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I was in a bookstore the other day and saw a copy of an old Opportunity Magazine I hadn’t read in years. I picked it up and browsed through it for a moment. Same old stories with different titles you might say. It was hard to believe that I was once an “opportunity junkie.” Actually, I wasn’t alone. I had a handful of friends who were habitual opportunity seekers at the time, too. Opportunity seekers and business builders are, in my opinion, two separate breeds of people (much like gamblers and investors). One habitually looks for the big score while the other understands the need for an investment in time, energy and resources.
FAST, EASY MONEY
When you get right down to it, who wouldn’t want to make a nice chunk of fast, easy money? Quick, easy money, however, is usually generated from an established mechanism or system. And guess what? It takes time to build the mechanism or system.
If you’re in debt and need cash fast… it’s much easier to sell something you already have than it is to take money you can’t afford to lose and “invest it” in an opportunity. This is a hard pill for an opportunity junkie to swallow. If you’re an opportunity junkie, more often than not, your overnight return turns out to be nothing more than the stuff dreams are made of.
The opportunity that seemed alive and well within the sales material disappears in the light of reality – taking the cash with it.
Chasing “opportunities” when you’re in a financial crisis is a fool’s game and the list of people playing this game seems to get longer every day.
So what should you do?
I recommend building your perfect business.
When I say “perfect” – I don’t mean perfect in a literal sense… I’m talking about the business that’s right for you.
A business basically does one or two things. It either sells a product that people either need or want. Or, it performs a service that people/businesses either need or want. You can either create the product yourself (manufacture it), or buy a product that someone else manufactured. With service-oriented businesses, you can either perform the service yourself… or you can pay someone else to do it.
When you strip away the outward facade, business is fairly simple.
What do you enjoy providing to others? Or better yet, what would you really like to be providing to others? What type of product? Is it something you really believe in? Is it something others need? Or does it fall into the want category? You’ve probably already noticed that you have more energy and enthusiasm being involved with certain products or services than you do others.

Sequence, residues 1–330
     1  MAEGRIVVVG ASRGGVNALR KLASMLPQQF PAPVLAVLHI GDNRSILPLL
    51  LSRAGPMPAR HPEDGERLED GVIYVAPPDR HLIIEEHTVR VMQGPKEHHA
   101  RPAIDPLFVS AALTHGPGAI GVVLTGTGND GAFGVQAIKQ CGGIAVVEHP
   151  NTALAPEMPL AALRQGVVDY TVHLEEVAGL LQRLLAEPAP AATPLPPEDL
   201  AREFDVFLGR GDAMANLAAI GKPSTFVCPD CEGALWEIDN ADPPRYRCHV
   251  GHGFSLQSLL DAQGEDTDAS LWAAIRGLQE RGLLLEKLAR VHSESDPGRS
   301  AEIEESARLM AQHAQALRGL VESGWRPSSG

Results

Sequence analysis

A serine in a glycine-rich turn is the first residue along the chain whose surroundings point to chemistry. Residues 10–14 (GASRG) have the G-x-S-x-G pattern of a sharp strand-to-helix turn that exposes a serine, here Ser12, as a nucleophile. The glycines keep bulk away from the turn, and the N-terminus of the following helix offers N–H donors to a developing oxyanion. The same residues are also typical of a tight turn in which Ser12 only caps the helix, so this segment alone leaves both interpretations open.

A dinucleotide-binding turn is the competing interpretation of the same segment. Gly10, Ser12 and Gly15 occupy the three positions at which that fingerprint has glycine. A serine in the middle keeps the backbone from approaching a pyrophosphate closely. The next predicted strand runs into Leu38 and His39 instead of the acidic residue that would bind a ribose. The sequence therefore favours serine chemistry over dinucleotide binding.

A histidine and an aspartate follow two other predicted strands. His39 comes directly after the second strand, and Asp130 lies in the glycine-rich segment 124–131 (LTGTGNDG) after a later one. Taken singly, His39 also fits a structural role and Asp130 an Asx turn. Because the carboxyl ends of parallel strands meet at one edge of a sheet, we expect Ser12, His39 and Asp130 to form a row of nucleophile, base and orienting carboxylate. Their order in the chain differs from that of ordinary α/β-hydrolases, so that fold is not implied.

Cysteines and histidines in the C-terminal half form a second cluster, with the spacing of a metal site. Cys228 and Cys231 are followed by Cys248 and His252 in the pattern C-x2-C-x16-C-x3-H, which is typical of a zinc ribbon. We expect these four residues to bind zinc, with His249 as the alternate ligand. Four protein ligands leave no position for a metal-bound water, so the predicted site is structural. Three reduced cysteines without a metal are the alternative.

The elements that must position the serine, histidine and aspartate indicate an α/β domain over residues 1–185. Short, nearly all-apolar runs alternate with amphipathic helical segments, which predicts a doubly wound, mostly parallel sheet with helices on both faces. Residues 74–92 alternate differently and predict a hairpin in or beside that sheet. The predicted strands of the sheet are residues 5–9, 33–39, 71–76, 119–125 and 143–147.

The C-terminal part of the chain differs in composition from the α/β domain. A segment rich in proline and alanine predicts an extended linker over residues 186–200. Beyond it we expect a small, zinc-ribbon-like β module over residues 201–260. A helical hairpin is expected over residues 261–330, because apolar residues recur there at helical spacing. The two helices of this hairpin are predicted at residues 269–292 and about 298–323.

In my own case, I will naturally work harder in some areas than I will in others. In fact, in some areas, the work doesn’t really seem like work to me. Yes, it still takes time and effort, but the drudgery element isn’t there.
When it comes to building the business that’s right for you, it’s going take some energy and commitment, so you may as well get involved with a product or service that interests you as much as possible. Without that, you’re more apt to fall by the wayside if things don’t go as easily as planned. When it comes to real-life business, sooner or later things don’t go according to plan!
If you ask a lot of people who are currently considering starting their own business in the midst of today’s economy, they’d tell you the perfect business for them is one that makes “a lot of money.”
That’s a given. No one goes into business with the hopes of only making nickels and dimes. The question is, what type of business is within your reach – right now? Do you already have the resources necessary to take the next step? Do you actually have a plan?
PALO ALTO SOFTWARE
Palo Alto Software produces a program called “Business Plan Pro.” If you find yourself challenged in the area of creating an easy to follow a blueprint for yourself, programs like these can help you. They also produce a program called “Marketing Plan Pro.” If I’d used a similar program when I was in my early 20’s, I could have saved myself from going through some of the trial and error process.
Software programs like these were designed to assist you in the planning process. It doesn’t do it for you… it’s just another tool to help you in the process. Once you go through the process once or twice, you may find that it starts to become second nature to you.
MOVING FROM ONE BUSINESS TO ANOTHER…
Many successful people ultimately get involved in a variety of businesses over the course of a lifetime. The difference between them and the compulsive opportunity seeker is – they become successful and establish themselves in one area before moving on into multiple business ventures and investments.
A friend of mine once told me, “The realization that I could be mediocre at a dozen or so things or great at one changed the entire course of my business and personal life.”
If you’re an opportunity junkie… this may be some of the best business advice you’ll ever receive.
*(Artwork By Lori Frary – www.FraryGallery.com. Art Sarasota)